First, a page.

Last week, I had the pleasure of working at the Greater Boston Sports collector's club convention/collector's show. It was a great weekend honoring the 1986 Red Sox, baseball hall of famers Orlando Cepeda and Cal Ripken Jr, and working with some of the current Bruins.
However, one problem that kept arising from the paying customer was the lack of cooperation from some players to inscribe special messages or noting accomplishments or items there were not authentic. What does this mean? Well, there was one customer who thought he had authentic game-used hockey sticks for Tim Thomas and Tyler Seguin. However, Tyler noted those specific sticks were not used by him and that he would not inscribe them as "game used". He inscribed them with 2011 stanley cup champs instead. Then according to the customer they were not signed in the correct spot.
Additionally, Rich Gedman and Wade Boggs were asked to inscribe accomplishments that they actually did not accomplish. There were willing to add accurate information, but not something they did not complete themselves.
So beware, players don't have to sign inscriptions at all, especially if they are not comfortable with it. Most promoters will put a disclaimer on tickets or in signage that all signatures, inscriptions and locations of inscriptions are up to the players. Now, this hardly seems fair, as a paying customer, but the rules are posted. If there is a legitimate issue, the promoter will work with the agent and player to attempt to make everyone happy and maybe add a refund. Again, this is rare, especially if a customer paid for the extra addition, but on that weekend this came up too often.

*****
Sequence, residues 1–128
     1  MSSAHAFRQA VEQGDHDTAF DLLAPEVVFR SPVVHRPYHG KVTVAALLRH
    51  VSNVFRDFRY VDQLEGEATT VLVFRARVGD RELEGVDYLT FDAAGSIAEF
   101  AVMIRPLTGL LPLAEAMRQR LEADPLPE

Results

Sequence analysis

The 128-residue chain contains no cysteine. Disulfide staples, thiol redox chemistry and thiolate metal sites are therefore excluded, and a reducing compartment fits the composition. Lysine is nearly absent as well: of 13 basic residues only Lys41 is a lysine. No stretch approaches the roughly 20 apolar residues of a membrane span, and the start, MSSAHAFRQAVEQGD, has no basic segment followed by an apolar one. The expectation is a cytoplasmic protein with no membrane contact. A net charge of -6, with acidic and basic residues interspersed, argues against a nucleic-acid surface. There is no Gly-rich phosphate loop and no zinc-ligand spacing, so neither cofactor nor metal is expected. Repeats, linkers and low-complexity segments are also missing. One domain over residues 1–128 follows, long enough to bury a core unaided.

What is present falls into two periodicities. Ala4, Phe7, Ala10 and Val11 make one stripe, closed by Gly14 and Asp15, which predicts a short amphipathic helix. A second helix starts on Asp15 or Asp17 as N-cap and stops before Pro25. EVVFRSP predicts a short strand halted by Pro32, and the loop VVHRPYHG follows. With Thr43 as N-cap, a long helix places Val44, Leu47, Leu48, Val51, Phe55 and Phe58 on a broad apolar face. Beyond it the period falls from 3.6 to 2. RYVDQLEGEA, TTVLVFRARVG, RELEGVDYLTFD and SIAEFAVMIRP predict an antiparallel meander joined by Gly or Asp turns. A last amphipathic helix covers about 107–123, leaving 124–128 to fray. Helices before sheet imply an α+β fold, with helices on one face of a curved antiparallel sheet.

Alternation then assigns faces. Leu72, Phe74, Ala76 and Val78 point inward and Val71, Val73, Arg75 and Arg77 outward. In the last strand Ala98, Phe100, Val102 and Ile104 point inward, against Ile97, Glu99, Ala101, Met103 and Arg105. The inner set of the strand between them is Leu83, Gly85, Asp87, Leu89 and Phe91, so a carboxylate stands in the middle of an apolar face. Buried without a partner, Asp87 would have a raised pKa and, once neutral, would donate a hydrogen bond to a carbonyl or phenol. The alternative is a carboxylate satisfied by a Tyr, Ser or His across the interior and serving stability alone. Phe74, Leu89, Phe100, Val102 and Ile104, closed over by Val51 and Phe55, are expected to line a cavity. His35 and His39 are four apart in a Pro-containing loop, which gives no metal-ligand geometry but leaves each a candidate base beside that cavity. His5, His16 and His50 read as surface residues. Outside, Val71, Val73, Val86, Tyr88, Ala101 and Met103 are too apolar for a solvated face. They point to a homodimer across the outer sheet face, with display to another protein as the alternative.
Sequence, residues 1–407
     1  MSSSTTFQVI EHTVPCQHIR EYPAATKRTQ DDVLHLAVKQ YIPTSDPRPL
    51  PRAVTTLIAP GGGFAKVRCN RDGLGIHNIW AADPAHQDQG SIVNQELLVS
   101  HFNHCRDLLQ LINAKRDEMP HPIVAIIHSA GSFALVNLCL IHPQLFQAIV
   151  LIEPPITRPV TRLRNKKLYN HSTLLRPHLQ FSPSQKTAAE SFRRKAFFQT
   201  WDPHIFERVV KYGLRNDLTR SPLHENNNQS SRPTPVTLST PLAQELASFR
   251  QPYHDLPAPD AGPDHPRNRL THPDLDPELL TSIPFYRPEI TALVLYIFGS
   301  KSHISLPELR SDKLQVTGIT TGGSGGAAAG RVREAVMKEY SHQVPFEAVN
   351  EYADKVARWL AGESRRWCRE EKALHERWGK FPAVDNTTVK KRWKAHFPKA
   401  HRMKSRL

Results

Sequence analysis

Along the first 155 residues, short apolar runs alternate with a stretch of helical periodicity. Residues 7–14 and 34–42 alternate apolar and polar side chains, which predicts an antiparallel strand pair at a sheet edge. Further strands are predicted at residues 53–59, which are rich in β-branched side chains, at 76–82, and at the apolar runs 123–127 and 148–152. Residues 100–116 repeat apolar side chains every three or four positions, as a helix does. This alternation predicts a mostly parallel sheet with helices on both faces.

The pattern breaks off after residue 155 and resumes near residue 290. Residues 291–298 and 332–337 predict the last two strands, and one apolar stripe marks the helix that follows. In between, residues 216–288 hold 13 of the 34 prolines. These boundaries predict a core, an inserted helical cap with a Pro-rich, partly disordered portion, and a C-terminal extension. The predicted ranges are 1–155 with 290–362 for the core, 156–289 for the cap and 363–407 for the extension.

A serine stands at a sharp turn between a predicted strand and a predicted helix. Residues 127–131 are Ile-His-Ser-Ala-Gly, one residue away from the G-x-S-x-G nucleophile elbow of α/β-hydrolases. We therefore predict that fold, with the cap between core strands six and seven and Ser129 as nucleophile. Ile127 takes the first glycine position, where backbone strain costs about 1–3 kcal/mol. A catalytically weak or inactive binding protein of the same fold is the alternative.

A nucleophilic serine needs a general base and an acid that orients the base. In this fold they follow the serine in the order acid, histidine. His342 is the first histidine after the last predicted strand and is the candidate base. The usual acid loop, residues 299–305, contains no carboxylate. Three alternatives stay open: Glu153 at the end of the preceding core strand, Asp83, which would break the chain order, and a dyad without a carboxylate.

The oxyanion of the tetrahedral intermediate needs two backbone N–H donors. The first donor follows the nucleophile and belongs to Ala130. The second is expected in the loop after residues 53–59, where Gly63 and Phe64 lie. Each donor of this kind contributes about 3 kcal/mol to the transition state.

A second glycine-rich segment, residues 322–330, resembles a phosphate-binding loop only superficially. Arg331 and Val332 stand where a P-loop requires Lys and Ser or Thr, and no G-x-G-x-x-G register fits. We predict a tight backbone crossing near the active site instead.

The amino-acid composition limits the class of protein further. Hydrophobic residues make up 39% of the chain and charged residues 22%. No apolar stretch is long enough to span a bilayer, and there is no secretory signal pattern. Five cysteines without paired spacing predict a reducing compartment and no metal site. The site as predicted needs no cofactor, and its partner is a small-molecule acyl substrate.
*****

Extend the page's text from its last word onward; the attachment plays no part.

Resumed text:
My advice, be fair and make sure you have your facts straight on the items you have to be signed. As happened with the Nomar signing, you really never know what you have with regards to game used items. And with inscriptions be reasonable and keep them to a professional sport accomplishment or a simple personalization. If you are reasonable, the player will be as well.